The only two breeding pairs in England are thought to be in Cornwall
A pair of choughs have successfully hatched eggs for a second year in West Cornwall.
The birds, which feature on the Cornish coat of arms, returned to the county in 2001 after a 50-year absence.
Volunteers are providing 24-hour cover to protect the nest at Penwith until the chicks fly the nest next month.
It is hoped the round-the-clock protection will deter egg thieves and ensure the nest is not disturbed by dogs and cliff walkers.
The exact number of chicks is not known, but the parents are said to be working hard to feed them.
The black-plumaged bird with red legs and a curving red beak is feature on the Cornish coat of arms alongside the miner and the fisherman.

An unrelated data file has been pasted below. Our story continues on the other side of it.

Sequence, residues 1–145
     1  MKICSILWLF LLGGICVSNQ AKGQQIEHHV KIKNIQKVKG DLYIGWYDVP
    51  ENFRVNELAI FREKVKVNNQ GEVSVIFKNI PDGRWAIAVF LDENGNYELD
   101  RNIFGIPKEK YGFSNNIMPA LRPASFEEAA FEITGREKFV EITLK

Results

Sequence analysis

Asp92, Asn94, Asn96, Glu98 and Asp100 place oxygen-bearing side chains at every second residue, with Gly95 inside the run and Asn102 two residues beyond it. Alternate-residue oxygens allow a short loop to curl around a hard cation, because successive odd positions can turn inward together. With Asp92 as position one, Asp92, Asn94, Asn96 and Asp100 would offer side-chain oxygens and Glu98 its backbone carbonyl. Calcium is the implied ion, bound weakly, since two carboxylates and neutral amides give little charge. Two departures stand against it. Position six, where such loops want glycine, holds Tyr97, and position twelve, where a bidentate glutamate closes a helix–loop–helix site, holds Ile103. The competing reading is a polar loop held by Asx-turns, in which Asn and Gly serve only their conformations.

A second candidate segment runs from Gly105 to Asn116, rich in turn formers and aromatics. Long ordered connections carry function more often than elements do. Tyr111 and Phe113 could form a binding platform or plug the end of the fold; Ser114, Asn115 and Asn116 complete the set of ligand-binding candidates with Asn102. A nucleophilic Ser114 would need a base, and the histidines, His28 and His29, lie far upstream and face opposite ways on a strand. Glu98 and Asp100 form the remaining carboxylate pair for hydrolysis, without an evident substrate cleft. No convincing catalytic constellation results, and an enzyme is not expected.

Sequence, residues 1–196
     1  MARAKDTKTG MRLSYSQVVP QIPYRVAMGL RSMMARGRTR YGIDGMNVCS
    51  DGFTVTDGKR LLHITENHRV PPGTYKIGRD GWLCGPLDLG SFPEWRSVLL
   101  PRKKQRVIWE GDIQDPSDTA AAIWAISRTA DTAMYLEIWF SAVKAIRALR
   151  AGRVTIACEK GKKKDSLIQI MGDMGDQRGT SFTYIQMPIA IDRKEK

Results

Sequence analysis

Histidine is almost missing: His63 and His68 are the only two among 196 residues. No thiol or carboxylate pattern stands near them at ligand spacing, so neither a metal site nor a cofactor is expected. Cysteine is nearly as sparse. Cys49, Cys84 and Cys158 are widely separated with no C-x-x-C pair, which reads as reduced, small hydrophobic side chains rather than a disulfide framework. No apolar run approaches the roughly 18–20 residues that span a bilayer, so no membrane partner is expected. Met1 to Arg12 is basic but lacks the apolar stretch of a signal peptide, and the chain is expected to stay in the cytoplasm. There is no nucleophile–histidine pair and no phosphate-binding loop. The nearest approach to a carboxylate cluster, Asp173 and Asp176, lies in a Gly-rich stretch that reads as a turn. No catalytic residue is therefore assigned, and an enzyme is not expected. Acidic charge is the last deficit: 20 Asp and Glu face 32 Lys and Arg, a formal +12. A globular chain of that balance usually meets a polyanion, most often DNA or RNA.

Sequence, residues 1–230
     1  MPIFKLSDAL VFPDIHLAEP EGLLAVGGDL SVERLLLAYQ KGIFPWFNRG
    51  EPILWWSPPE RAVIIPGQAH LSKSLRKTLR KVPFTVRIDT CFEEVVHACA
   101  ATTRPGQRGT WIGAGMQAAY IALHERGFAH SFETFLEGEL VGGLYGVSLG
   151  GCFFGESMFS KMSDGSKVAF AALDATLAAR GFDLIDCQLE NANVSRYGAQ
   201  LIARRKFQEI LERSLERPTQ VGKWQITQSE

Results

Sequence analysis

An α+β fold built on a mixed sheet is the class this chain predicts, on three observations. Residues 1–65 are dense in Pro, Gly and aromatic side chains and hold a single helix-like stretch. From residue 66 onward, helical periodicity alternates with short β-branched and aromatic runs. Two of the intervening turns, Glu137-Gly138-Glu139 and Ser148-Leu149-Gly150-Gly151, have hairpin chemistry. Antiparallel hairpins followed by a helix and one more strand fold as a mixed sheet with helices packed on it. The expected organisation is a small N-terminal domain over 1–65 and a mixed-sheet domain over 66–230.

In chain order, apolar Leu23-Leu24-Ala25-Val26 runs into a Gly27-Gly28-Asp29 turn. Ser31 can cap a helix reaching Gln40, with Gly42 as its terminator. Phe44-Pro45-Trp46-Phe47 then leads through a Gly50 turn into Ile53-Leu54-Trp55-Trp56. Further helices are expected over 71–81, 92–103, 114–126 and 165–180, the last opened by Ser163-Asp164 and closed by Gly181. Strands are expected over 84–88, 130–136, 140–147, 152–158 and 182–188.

It is often mentioned in Cornish legend and it is said King Arthur was transformed into a chough when he died - with the red feet and beak representing his violent, bloody end.
In the 19th Century there were more than 100 pairs in the county, but the chough vanished after its food source dried up because of a decline in cliff top grazing and the use of pesticides.
The birds feed mainly on soil-living insects and prefer short turf with a plentiful supply of dung.
The only other known breeding pair in England are on the Lizard peninsula.
The RSPB, Natural England, the National Trust and the Department for Environment, Food and Rural Affairs set up the Cornish Chough Project to protect the wild population and promote chough-friendly farming of the cliffs.